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It's About Playing to Win

11/28/2008 7:00 PM Eastern

Two weeks ago, the Sports Business Journal FSA Sports Media & Technology Conference focused on the state of sports television, but much of the discussion centered on ESPN's eye-opening, $500 million acquisition of college football's Bowl Championship Series games.

The total sports network's BCS bid — which gives the network rights to air the BCS championship game as well as the Fiesta, Orange and Sugar Bowls from January 2011 through January 2014 — was reportedly over $100 million more than that of current rights-holder Fox Sports.

Several sports executives at the conference bemoaned that ESPN's dual revenue stream — cable and satellite distributors pay the network an average of $3.65 a month for each of its 97 million subscribers — has created a virtual Godzilla among sports networks, able to destroy all competitors foolish enough to stand in its path. But as the familiar street refrain goes: Don't hate the player, hate the game.

ESPN should not be assailed for successfully navigating the financial model that cable TV created nearly three decades ago into a profitable business that is now on the verge of dominating sports television.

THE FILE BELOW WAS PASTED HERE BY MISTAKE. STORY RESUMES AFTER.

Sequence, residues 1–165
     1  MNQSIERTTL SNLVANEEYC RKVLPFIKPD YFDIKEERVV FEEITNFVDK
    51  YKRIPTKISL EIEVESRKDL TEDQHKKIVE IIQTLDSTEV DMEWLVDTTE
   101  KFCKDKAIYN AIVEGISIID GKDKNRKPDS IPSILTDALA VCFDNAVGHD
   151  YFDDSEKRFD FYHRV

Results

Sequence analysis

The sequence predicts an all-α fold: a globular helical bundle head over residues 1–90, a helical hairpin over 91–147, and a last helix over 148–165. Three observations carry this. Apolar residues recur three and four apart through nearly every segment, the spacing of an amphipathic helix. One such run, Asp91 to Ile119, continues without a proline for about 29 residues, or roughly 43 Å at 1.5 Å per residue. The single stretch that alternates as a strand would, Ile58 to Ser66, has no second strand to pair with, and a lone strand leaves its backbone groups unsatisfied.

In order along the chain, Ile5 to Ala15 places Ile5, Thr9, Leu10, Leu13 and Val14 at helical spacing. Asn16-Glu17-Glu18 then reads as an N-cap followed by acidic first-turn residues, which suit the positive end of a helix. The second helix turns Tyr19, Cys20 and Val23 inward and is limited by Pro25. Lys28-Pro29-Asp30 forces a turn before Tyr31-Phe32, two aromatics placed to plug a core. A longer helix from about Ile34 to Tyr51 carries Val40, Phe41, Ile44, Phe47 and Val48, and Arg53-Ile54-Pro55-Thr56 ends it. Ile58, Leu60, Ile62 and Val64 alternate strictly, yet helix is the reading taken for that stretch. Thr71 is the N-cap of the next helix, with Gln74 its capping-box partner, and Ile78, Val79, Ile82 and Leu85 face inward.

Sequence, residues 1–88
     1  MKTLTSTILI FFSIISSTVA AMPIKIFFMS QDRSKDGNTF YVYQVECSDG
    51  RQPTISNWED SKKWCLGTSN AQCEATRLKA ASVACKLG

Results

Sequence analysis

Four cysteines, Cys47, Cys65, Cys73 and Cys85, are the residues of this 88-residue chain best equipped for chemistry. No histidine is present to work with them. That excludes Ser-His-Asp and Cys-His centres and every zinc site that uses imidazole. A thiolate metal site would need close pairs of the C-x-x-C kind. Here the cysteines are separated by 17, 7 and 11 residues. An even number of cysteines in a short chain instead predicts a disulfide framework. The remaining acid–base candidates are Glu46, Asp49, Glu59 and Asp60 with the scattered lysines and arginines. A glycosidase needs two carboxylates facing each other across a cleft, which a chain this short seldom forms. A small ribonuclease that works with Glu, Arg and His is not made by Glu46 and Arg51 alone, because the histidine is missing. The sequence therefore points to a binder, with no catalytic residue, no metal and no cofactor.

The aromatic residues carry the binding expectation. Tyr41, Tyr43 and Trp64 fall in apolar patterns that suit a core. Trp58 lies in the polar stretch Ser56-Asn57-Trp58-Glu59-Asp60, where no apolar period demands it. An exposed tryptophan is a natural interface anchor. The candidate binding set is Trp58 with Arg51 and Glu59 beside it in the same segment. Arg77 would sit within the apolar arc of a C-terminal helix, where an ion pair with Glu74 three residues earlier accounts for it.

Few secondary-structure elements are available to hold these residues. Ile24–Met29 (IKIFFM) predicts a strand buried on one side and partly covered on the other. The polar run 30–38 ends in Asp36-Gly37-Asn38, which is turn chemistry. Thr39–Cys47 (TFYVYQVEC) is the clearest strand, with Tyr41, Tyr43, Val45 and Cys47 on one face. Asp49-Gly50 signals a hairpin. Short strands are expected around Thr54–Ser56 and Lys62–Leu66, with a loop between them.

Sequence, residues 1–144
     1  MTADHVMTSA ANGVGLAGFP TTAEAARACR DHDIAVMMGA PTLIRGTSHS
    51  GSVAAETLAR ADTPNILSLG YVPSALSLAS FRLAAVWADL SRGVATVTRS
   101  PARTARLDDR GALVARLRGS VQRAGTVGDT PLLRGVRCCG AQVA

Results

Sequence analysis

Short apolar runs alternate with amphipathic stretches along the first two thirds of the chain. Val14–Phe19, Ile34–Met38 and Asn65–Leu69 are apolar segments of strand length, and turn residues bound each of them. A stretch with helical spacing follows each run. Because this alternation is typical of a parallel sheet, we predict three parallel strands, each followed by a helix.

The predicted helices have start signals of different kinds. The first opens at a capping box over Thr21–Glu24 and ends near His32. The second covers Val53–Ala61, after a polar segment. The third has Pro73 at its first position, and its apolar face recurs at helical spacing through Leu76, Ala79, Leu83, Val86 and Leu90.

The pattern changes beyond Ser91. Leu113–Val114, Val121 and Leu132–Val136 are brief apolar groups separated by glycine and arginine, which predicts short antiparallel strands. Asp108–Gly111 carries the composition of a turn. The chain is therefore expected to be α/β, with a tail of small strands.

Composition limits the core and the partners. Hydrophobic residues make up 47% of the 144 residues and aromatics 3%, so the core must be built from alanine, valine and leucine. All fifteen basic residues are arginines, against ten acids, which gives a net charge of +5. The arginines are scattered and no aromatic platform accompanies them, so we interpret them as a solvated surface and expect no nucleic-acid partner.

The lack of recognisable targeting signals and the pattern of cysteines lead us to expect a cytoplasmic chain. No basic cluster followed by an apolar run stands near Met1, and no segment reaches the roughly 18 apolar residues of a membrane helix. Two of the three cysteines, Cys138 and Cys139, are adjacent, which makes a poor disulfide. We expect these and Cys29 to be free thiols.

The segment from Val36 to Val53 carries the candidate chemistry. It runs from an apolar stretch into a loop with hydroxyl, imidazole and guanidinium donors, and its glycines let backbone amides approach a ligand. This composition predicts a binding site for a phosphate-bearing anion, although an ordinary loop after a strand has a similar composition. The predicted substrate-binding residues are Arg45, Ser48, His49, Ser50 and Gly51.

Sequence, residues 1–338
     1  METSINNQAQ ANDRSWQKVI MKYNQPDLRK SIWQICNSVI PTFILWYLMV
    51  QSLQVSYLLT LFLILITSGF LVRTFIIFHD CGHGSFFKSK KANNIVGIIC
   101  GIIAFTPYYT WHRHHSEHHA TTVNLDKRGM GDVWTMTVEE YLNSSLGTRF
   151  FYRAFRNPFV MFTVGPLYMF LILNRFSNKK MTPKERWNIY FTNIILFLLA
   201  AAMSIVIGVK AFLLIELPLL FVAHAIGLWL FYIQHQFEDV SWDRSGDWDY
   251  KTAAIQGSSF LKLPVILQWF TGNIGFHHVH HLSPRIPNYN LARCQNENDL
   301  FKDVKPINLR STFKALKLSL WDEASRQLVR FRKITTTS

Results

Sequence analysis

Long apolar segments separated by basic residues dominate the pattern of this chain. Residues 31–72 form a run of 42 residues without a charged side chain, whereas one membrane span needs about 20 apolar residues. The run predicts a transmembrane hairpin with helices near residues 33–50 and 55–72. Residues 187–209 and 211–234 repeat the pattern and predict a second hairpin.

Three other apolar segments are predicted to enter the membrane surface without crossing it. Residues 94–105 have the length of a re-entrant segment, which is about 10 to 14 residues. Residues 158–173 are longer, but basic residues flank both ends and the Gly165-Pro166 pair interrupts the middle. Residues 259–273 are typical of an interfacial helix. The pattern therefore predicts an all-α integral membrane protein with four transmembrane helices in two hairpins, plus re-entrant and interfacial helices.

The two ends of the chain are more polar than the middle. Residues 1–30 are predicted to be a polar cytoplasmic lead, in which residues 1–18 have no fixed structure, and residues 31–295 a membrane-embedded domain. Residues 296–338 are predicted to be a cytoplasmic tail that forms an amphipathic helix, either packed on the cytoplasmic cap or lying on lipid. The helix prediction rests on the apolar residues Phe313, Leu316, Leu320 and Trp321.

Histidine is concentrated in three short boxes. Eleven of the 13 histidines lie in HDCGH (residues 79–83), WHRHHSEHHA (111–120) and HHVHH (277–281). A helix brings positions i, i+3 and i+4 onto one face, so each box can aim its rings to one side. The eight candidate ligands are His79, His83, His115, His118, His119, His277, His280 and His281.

Over the years, ESPN was able to build enough value in its network through the acquisition of popular, highly rated and advertiser-coveted live pro and college sports content to convince — some will say strong-arm — operators into paying them by far the highest monthly license fee among all cable networks.

As for broadcasters, they'll have to find another way to generate revenue if they want to sit at the high-stakes sports-rights table with ESPN.

YES Network president Tracy Dolgin suggested at the conference that CBS, NBC, ABC or Fox may have to morph into cable networks themselves to effectively compete with ESPN and its dual revenue stream. Fox Sports Networks president Bob Thompson mentioned that broadcasters may have to ask for cash rather than cable-network launches in future retransmission-consent discussions.

Either way, broadcast networks will have to make a few financial adjustments. Whether the playing field is equitable or not is beside the point — it's the reality of doing business today.

While ESPN now holds the BCS rights, it'll be a long time before truly marquee sports events like the World Series, Super Bowl or NBA Finals will be on the table for ESPN or other cable networks to bid on.

But with television rights for the 2014 and 2016 Olympics up for grabs, as well as the NCAA Men's College Basketball Tournament — aka “March Madness” — potentially up in 2010, it's almost assured that ESPN will be one of the first knocking on the door of the International Olympic Committee and the NCAA.

If it's successful, ESPN's haters will only grow more boisterous during future conferences.

ESPN shouldn't apologize then, just as it's not apologizing now, for its success.

 

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